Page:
Six ‘Other’ Fighters of the Year

By Tim Leidecker Jan 6, 2008
The die is cast: Quinton Jackson (Pictures) has become the official heir to Chuck Liddell (Pictures) as's Fighter of the Year, leaving fellow UFC champions Randy Couture (Pictures) and Anderson Silva behind in second and third place respectively.

While "Rampage" is absolutely deserving of the award, there are other fighters, including the six profiled here, who have had fantastic years in 2007 and who have not received much attention.

Siyar Bahadurzada (Pictures)

The "Afghan Killa" became the first Shooto world champion from the Middle East when he defeated previous titleholder Shikou Yamashita (Pictures) via unanimous decision in July.

The 23-year-old kickboxer also joined the elite list of Alexandre Franca Nogueira (Pictures), Joachim Hansen (Pictures), Vitor Ribeiro (Pictures), Anderson Silva, Jake Shields (Pictures) and Erik Paulson (Pictures) to become only the seventh non-Japanese Shooto world champion in the history of the oldest mixed martial arts promotion in the world.

Bahadurzada fought a total of five times in 2007, finishing four of his bouts early. Besides the title win against Yamashita, the other marquee fight he had was against Nathan Schouteren. Before the fight, Bahadurzada claimed that he would retire from MMA should he lose the rematch against the Dutchman who beat him on points in 2004. In the end, he finished the "Satan" with a flurry of strikes near the end of the first round.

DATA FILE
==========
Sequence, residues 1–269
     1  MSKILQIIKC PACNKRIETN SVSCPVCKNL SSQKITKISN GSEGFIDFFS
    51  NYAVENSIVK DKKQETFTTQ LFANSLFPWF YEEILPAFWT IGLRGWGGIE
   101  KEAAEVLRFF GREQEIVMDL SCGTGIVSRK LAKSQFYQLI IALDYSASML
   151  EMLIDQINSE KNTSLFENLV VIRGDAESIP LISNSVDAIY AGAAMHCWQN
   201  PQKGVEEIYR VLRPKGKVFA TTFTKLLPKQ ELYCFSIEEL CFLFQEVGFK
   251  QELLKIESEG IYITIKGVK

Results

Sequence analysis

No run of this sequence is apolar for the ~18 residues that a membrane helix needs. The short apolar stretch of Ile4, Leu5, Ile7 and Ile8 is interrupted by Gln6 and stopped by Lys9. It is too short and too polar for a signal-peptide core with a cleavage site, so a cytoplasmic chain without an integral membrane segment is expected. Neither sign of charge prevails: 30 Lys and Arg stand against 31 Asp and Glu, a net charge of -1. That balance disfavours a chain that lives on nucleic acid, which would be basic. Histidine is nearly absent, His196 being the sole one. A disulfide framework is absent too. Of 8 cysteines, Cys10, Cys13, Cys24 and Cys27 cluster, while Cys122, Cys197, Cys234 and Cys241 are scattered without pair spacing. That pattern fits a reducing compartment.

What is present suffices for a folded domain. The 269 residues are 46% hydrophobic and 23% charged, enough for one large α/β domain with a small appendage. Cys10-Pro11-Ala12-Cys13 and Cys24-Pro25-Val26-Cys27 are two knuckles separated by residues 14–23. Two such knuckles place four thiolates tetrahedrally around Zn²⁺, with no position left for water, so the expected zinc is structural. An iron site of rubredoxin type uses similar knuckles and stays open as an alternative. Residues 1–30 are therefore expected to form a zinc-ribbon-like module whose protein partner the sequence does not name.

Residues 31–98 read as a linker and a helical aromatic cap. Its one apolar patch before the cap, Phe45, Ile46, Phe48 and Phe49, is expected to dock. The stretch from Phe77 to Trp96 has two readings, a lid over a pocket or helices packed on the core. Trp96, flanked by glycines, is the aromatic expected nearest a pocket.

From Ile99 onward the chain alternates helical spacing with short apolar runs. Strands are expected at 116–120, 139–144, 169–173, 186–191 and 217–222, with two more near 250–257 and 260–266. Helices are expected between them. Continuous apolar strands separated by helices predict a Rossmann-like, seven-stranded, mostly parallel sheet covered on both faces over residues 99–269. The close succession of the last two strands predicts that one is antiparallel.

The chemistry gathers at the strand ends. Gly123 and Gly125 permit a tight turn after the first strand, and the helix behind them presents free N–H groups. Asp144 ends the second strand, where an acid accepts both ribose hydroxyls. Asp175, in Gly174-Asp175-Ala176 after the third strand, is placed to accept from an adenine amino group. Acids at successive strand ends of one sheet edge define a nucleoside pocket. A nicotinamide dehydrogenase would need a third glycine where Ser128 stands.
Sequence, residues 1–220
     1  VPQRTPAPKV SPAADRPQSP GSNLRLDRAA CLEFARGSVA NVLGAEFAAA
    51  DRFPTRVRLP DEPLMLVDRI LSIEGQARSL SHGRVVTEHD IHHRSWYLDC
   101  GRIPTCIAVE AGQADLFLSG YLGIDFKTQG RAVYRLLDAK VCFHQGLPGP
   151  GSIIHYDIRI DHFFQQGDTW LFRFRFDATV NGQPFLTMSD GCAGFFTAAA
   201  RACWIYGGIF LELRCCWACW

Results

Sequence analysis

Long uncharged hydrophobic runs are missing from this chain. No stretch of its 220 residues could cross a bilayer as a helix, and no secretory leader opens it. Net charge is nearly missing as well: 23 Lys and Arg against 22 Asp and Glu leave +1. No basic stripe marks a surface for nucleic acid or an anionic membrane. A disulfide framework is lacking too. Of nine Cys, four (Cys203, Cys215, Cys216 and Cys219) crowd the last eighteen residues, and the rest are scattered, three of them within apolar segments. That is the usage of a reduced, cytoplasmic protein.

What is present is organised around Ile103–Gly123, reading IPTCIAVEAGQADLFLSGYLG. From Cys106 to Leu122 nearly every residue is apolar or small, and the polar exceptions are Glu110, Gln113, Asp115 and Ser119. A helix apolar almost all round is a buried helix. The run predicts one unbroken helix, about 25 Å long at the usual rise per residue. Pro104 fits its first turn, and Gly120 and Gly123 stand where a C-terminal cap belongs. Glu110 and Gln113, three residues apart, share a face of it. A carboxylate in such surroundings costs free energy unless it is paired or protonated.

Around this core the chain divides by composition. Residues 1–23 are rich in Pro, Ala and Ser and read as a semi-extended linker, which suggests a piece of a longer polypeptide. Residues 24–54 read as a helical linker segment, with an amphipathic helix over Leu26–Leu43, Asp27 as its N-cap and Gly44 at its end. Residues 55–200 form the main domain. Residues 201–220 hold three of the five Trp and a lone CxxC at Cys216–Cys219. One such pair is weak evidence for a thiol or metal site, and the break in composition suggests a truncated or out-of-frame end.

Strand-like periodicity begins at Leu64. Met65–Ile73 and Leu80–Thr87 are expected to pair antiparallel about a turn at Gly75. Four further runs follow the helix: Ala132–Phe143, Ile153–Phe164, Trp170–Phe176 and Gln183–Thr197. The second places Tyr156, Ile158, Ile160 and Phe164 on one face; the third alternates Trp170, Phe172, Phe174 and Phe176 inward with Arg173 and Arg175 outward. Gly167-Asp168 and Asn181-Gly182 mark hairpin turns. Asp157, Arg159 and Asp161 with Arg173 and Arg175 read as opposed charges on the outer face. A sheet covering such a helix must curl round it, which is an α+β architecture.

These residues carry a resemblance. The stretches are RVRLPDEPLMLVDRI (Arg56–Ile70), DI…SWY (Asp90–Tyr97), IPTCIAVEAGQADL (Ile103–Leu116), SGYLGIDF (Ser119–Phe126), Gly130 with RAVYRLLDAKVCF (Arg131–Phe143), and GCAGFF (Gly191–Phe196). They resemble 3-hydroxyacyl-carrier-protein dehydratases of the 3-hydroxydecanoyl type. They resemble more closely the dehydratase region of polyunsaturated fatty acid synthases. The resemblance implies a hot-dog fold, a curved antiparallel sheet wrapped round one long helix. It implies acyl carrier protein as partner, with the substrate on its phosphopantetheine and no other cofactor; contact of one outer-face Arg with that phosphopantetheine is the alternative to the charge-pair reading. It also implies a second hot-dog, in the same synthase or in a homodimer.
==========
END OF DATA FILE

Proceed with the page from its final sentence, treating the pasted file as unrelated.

In 2008, he is bound to continue fighting in Japan. In December he signed a contract with upstart promotion World Victory Road, where he will compete in the inaugural event called "Sengoku" on March 5.

Although nothing has been confirmed, all rumors point to a clash between him and Japanese Olympic judo silver medalist Makoto Takimoto (Pictures). Possible opponents for his first Shooto title defense are Brazilian knockout artist Leandro Silva (Pictures) and experienced Shooter Akihiro Murayama (Pictures).

Rafael dos Anjos

Dos Anjos is the latest on a seemingly endless list of fantastic Brazilian lightweight fighters. The 22-year-old Brazilian jiu-jitsu black belt started out in local shows in the southeast of Brazil before shifting up a gear and taking his trade to Rio de Janeiro last year. Therefore the star pupil of three-time BJJ national champion Aldo "Caveirinha" Januário left his master and joined the newly formed Gracie Fusion team, which also features ADCC champion Marcio Cruz (Pictures), IFL veteran Delson Heleno (Pictures) and the Deep-experienced Fabricio Monteiro (Pictures).

Dos Anjos is an absolute power plug at a muscular 5-foot-7. He combines his excellent ground skills with unusually good wrestling for a jiu-jitsu fighter. His biggest strength is his conditioning, though, and only two of his opponents last year managed to hang with the fighter from Rio over the distance. The other four fell prey to his frenzied pace and lost via submission.